Caloric stimulation induced a transient reversal of multimodal hemispatial cognitive deficits in an 81-year-old woman with an acute left cerebral hemisphere stroke. The patient had unawareness of her right hand (asomatognosia), right-sided visual unawareness (hemineglect), aphasia and right-sided weakness (hemiplegia) prior to the stimulation. Transient improvements in impaired sensory, motor, linguistic and cognitive function developed within 30 s following application of the caloric stimulus and onset of horizontal nystagmus. The effect persisted for 3 min and ceased completely after 5 min. While several recent reports have described the capacity of caloric stimulation to transiently improve or reverse a wide range of attentional, cognitive and motor impairments, most examples are in right-hemisphere-damaged patients with long-standing brain injury. Typically, patients have been tested several months or years after the onset of the deficit. A possible mechanism for the temporary reintegration of multiple cognitive functions in this patient is discussed.
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keywords = cerebral
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7/674. Intra-arterial thrombolysis for perioperative stroke after open heart surgery.

    Recent major surgery is an exclusion criterion for thrombolysis. Six patients with acute ischemic stroke underwent intra-arterial thrombolysis after recent open heart surgery without clinically significant bleeding complications, although one patient developed a small, asymptomatic cerebellar hemorrhage. Intra-arterial thrombolysis may be an option for patients with cerebral embolism in the perioperative period.
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keywords = cerebral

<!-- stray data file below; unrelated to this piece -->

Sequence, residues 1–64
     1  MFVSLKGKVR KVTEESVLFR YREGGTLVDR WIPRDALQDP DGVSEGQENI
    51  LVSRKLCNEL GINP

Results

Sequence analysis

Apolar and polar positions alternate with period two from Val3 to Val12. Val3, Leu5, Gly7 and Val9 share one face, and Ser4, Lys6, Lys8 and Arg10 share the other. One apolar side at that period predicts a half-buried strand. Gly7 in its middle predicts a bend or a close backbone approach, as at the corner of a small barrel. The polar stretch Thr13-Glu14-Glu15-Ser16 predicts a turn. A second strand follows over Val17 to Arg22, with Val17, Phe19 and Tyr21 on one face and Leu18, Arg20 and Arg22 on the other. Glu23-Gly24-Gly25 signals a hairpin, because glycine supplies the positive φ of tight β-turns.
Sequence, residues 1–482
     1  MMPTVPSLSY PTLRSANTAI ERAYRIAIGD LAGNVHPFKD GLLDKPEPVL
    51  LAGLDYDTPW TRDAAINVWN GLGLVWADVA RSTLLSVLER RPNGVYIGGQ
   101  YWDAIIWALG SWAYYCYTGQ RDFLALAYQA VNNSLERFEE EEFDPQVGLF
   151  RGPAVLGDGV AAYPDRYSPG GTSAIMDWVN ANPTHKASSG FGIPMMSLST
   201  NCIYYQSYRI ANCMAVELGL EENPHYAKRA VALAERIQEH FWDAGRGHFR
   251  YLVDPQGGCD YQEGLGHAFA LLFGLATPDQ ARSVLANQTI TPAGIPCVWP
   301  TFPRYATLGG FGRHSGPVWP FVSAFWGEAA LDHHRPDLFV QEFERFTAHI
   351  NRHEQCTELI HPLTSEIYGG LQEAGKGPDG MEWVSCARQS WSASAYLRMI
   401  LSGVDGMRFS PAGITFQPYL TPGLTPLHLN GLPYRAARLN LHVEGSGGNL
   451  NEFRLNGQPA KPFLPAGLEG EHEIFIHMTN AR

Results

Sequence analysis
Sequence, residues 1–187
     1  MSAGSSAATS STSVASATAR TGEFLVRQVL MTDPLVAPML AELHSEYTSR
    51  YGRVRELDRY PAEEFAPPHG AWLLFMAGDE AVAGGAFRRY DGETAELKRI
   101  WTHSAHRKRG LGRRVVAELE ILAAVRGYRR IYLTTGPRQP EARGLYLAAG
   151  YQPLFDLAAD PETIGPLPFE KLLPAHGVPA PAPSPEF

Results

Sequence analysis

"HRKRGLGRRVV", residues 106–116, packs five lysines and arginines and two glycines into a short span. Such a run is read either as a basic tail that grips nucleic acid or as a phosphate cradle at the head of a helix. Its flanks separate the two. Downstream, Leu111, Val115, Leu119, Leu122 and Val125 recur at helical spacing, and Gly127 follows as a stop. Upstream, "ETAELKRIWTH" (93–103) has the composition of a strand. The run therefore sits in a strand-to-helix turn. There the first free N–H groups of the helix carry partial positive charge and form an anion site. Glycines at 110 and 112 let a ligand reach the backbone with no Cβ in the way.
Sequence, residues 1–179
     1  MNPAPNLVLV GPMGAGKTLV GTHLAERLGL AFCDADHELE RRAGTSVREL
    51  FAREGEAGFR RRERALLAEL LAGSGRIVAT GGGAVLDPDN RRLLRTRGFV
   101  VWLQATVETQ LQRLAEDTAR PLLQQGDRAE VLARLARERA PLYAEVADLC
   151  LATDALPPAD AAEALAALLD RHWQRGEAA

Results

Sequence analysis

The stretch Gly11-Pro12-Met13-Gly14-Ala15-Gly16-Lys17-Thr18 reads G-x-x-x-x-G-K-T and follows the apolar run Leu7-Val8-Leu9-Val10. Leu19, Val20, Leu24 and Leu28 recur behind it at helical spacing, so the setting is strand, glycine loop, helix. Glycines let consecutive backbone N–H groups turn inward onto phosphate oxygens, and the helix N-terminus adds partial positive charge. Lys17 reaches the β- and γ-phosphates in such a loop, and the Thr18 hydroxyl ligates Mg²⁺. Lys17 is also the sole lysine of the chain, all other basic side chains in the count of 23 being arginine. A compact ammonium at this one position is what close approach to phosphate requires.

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8/674. Large cerebral vessel disease in sickle cell anaemia.

    An 18 year old male with documented sickle cell disease was admitted to the hospital for the final time in coma. cerebral angiography revealed multiple stenotic lesions of the large cerebral vessels. The pathology of this large vessel involvement is demonstrated and the potential contribution of large as opposed to small cerebral vessel disease in the neurological manifestations of sickle cell anaemia is discussed.
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keywords = cerebral
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9/674. Infantile hiv encephalopathy associated with cerebral and cerebellar telangiectases.

    We describe a paediatric case of hiv encephalopathy associated with cerebral and cerebellar telangiectases. Although immunohistochemistry failed to show hiv in the walls of dilated blood vessels, or in their vicinity, brain capillary telangiectases might be an additional complication indirectly related to paediatric hiv infection.
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ranking = 1.6666666666667
keywords = cerebral
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10/674. Near infrared spectroscopy and transcranial Doppler in monohemispheric stroke.

    We simultaneously performed near infrared spectroscopy (NIRS) and transcranial Doppler (TCD) to evaluate the effects of hypercapnia as well as of scalp ischemia on the blood flow at two different depth levels within the brain and of the scalp vessels. A decrease in the backscattered light intensity, meaning an increment of blood volume, was detected at the end of hypercapnia in all healthy subjects. This decrement was partly masked by ischemia in the cutaneous vessels. In 2 patients with a monohemispheric lesion in the middle cerebral artery (MCA) territory, an increase in NIRS response was found in the healthy hemisphere, while in the stroke side the CO2-induced changes were negligible. TCD data showed a similar increment of blood flow velocity to the hypercapnia in both hemispheres, with no differences between the affected and normal side in 1 patient, whereas in the second one, no increment was observed on the affected side, probably due to internal carotid artery stenosis. The two methods nicely integrate: TCD mainly tests subcortical changes in the MCA flow, while NIRS is exquisitely sensitive to cortical arterioles and capillary blood flow modifications.
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keywords = cerebral